Dad was running the boat engine and I was up on the bow trying to spot the rock bed while he sighted on his landmarks, Suddenly I saw something protruding up from the bottom perhaps ten or twelve feet below the surface and there were some timbers showing. I yelled and told Dad what I had seen, He managed to bring the boat about and we passed over the spot again. He saw what I had seen and recognized the old upright steam engine and the upper blade of the propeller and some hull timbers which were high enough to be visible. We maneuvered some more and dropped the anchor (in those days, a big flat stone in a rope harness). We dropped a couple of night crawlers and before the baits got ten feet down we had panfish, For the next half hour, we caught perch and rock bass and black bass until we didn't dare put more in the box. We didn't get many black bass because the panfish would get to the bait first, but they were definitely down there.
We went ashore and shared the catch with my aunt's family who had the place next door. The men made a pact to keep the wreck's location a secret and us kids were threatened with dire consequences if we breathed a word to anyone. In those days the area was not frequented by guideboats and small boat fishermen were seldom around except on weekends when the weather was good.
It was the second year that the wreckage had lain there and the fish population had developed to a concentration the men had never seen before. If we wanted bass. we didn't go there because the perch and rock bass could get to the hooks first. But if we wanted to fill the fishbox, the place was a certain bet. If a boat came in sight, we left before they got suspicious, People who fished the area on weekends had a habit of spotting Dad's old Tyler skiff with the little Johnson hanging on a bracket on it's pointed stern, and getting as close to him as possible. We kept the place confidential for two or three years until a few locals caught on and they usually agreed with a little persuasion to keep quiet.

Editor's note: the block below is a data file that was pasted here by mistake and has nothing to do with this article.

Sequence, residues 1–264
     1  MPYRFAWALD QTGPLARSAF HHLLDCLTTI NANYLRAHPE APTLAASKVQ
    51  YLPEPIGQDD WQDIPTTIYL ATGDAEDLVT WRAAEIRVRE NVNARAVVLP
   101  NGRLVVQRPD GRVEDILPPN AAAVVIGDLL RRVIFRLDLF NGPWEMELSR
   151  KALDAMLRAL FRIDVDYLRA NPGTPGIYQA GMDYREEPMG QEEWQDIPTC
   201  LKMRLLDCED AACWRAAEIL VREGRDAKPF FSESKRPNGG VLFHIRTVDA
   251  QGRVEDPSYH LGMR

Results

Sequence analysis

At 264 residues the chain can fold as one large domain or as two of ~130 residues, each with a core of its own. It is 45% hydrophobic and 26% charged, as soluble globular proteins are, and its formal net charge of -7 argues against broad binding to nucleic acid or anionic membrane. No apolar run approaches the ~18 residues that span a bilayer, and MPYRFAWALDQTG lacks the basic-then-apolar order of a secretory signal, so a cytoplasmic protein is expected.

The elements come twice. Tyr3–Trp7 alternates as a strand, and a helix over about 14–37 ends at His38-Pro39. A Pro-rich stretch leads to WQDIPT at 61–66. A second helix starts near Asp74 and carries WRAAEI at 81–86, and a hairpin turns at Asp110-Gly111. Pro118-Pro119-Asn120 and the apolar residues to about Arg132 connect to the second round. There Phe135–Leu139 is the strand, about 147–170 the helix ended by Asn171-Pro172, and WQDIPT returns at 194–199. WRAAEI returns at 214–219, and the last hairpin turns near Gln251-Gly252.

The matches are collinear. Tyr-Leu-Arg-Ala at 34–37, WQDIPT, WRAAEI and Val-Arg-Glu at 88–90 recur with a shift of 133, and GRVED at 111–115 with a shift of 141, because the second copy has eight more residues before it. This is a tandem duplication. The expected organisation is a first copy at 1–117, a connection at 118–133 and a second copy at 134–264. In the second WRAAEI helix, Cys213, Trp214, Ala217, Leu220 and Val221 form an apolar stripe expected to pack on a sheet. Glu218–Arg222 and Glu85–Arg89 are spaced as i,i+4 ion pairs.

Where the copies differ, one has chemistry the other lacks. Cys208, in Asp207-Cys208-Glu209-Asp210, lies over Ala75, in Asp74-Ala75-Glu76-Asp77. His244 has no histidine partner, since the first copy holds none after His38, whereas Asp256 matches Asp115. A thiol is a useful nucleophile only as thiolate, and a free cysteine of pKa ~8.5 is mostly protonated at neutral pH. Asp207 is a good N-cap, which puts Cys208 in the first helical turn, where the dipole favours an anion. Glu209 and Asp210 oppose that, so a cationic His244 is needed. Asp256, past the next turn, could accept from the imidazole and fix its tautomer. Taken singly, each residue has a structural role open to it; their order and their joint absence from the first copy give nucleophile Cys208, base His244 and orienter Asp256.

The wreck has shifted some over the years, having been moved several hundred feet and the timbers are pretty much gone now. A couple of years ago the Cargans fished out the four-blade, seven-foot cast iron propeller and part of the shaft which had broken away from the engine. They stuck it up by the town road. My cousin and brother and I got one of the three hundred pound anchors when we were teenagers and still have it. We found the second anchor but it was attached to the chain and the chain was caught in the rocks. We got several hundred feet of chain but every time we had to make a cut, we lost 15 feet or more because we had to cut it at the surface with a hacksaw and drop the fastened end back to the bottom. We got two- and three-ton chainfalls. and big jacks and pulley blocks. I even had one of the telephones used to talk with the engine room.
© 2003, R. Dewey Peters